“Hail, Caesar!” tells an entertaining, exciting and comedic story with some interesting symbolism and hidden meanings below the surface to deepen the experience, which is customary for a Coen brothers film.
The story takes place in 1950s Hollywood, where Capital Pictures actor Baird Whitlock (George Clooney) is missing. He was starring in a historical epic called “Hail, Caesar!,” but, since he has disappeared the movie cannot be finished. Now, it’s up to the head of physical production at Capital Pictures, Eddie Mannix, (Josh Brolin) to find him,
Not long after his investigation begins, Mannix receives a ransom note claiming that for $100,000, Baird Whitlock will be returned.
While pursuing Baird’s kidnappers, Eddie also has to put up with a standard day at his job. This includes dealing with a director unhappy with his lead actor; a pregnant but unmarried young starlet; and a group of gossip columnists hoping to expose all of Capital Pictures controversies.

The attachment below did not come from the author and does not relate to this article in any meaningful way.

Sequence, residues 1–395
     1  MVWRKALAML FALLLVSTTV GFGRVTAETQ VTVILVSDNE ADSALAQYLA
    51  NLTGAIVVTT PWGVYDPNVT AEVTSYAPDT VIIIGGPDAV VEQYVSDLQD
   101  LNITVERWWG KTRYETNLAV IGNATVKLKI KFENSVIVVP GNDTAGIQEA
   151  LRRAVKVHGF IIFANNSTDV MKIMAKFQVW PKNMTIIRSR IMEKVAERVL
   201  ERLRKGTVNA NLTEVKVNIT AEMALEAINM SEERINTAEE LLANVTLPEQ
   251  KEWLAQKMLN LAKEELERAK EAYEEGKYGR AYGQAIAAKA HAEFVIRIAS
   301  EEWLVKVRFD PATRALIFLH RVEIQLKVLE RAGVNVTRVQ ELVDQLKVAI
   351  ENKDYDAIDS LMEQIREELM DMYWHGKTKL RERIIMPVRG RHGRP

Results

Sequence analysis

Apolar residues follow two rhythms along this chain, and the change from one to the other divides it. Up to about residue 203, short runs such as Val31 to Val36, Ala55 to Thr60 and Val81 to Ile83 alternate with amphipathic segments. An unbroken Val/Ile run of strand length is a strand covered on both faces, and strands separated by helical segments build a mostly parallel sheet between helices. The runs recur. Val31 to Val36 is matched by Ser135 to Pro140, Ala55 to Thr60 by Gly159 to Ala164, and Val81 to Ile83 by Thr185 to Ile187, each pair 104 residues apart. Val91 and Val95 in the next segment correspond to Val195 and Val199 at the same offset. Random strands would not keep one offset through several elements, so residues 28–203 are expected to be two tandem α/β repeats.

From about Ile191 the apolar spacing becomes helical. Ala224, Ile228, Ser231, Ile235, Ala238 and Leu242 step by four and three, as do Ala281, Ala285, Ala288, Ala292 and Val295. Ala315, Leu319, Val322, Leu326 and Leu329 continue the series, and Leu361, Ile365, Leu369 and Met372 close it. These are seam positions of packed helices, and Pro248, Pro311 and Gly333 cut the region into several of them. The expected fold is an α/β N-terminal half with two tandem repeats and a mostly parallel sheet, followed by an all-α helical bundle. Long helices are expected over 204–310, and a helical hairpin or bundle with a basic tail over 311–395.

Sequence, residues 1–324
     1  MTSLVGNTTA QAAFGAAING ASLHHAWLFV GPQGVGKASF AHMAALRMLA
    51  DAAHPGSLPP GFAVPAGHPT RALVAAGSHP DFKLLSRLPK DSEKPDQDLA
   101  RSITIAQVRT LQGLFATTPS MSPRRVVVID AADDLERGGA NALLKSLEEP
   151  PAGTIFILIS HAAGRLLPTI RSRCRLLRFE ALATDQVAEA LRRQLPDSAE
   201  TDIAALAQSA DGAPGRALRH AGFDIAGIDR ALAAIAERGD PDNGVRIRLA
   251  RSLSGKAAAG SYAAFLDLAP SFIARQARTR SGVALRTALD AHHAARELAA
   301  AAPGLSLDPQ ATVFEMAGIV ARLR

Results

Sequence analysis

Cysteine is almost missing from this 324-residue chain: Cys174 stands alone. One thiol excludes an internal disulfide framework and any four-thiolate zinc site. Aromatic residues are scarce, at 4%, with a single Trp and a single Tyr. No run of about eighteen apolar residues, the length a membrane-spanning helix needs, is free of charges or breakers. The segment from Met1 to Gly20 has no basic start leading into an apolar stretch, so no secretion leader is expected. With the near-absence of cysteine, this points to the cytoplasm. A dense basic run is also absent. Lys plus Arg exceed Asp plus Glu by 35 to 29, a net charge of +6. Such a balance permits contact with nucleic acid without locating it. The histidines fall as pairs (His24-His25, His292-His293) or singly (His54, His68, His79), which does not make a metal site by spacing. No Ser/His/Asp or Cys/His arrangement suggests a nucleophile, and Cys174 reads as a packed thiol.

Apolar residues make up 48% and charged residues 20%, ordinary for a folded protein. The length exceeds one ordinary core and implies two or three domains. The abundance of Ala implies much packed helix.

This film is very lighthearted and not too serious. Although the stakes may be high, “Hail, Caesar!” never loses its comedic tone, making for an enjoyable, and easy to swallow experience.
But, this movie also features layers of symbolism and hidden meaning underneath it’s quirky exterior. It has messages dealing with beliefs and sin, which can be very intriguing and help make this movie deeper than it may seem.
The actors playing the actors give very good performances, as expected. They can be funny and serious while being believable but, you really can’t expect anything less from Joel and Ethan Coen, or from the all-star cast – consisting Clooney. Brolin, Tilda Swinton, Scarlet Johansson and Channing Tatum – portraying the characters.
The plot is a little loose and unfocused at times. There are lots of times the plot is put on hold for more character-centric scenes that help drive across the film’s quirky tone and ideological subtext.
When it’s over, “Hail, Caesar!” stands as a solid film with good characters, plot, humor and performances, but it didn’t quite resonate with me the way that other Coen films like “Fargo” or “The Big Lebowski” did. That aside, I think “Hail, Caesar!” has many good elements and is still worth your attention.
Quinn Zack is a freshman at Hamburg High School.